Excerpts from Jim Conrad's
Naturalist Newsletter

from the the February 16, 2009 Newsletter issued from the woods of the Loess Hill Region a few miles from Natchez, Mississippi, USA

On the bayou's steep, moss-covered walls the most eye-catching plant is certainly the little evergreen creeping herb called Partridge-Berry, MITCHELLA REPENS, which is conspicuous because of its brilliantly red, pea-sized fruits, shown below:


This little plant occurs throughout forested eastern North America and thrives on sheltered slopes such as our bayous' steep, lower walls. In this area Partridge-Berry occurs strictly "down in the bayous," the uplands between bayous being too dry and exposed.

Both taxonomically and anatomically Partridge-Berry is a bit surprising. It belongs to the mainly tropical Coffee or Madder Family, the Rubiaceae. In Mexico we've often noted this family's main field marks: opposite leaves (two at each stem node); flowers with inferior ovaries, and; conspicuous stipules connecting petiole bases.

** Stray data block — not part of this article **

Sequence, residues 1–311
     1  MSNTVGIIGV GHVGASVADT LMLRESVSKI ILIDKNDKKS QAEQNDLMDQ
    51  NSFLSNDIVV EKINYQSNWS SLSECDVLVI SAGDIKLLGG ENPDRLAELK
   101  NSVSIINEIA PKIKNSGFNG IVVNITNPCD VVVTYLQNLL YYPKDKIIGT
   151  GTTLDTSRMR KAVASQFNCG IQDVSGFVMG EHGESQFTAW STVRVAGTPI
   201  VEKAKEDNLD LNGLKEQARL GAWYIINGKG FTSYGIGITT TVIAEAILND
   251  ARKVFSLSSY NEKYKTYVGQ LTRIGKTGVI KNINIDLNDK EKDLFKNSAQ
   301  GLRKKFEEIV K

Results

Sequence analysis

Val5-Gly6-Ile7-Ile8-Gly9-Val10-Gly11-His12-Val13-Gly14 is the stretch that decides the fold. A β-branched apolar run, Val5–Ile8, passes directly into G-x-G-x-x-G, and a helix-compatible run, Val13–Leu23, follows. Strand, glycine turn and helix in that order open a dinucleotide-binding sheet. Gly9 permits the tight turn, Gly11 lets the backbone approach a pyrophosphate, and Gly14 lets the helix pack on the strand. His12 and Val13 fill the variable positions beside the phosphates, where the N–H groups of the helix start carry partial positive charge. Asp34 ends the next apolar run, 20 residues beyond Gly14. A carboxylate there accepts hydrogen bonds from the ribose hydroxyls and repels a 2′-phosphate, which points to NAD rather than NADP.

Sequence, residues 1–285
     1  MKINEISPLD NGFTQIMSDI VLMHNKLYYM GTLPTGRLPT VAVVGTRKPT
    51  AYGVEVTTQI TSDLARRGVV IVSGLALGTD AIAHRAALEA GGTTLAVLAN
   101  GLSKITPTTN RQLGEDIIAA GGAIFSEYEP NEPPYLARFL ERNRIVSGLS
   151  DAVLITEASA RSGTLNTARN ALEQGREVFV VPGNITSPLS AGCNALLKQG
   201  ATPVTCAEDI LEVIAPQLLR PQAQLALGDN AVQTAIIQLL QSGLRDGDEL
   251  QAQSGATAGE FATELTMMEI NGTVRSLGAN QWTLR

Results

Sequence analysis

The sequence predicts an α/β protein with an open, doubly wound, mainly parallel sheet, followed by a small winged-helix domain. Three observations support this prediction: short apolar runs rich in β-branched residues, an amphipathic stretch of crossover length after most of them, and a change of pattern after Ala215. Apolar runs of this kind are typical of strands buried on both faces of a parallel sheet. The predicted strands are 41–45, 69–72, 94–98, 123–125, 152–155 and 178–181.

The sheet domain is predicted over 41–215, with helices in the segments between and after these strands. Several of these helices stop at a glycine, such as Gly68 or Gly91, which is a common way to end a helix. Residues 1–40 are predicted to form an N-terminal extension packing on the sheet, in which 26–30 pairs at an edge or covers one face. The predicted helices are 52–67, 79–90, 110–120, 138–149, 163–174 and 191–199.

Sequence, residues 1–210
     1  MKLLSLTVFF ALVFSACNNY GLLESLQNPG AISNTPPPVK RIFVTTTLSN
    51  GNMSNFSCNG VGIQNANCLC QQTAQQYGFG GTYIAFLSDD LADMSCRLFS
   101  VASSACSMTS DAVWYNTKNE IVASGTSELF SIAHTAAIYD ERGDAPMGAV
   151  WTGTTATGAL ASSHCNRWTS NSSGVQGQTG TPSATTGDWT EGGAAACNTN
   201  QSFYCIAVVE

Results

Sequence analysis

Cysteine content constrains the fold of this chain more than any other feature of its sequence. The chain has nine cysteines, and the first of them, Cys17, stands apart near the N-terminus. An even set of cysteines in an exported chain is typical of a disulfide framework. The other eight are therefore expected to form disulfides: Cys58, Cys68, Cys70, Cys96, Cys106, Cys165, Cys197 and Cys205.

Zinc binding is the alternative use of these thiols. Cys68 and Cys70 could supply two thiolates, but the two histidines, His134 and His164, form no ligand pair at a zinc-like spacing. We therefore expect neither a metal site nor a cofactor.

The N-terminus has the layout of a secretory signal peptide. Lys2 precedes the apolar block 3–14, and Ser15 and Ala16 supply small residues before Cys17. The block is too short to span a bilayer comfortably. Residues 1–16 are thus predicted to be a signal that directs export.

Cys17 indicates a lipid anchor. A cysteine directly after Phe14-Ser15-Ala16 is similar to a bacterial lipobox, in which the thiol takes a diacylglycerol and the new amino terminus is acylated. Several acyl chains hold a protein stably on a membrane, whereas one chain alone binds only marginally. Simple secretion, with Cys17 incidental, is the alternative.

Anatomically the interesting feature is that its flowers occur in pairs, but the two flowers' ovaries unite into one fruit. The close-up of a single fruit below shows two five-lobed calyxes topping it, with no visible hint of the fruit actually consisting of two fused ovaries.

Partridge-Berry, MITCHELLA REPENS, fruit

The red berries are edible but they're so small and tasteless that not many people bother with them. One of the plant's many common names is Squaw Vine, and I wonder if that name reflects one of its several medicinal uses: "Partridge Berry is among the best remedies for preparing the uterus and whole body for child birth," I read on the Internet at http://www.holisticonline.com/Herbal-Med/_Herbs/h275.htm.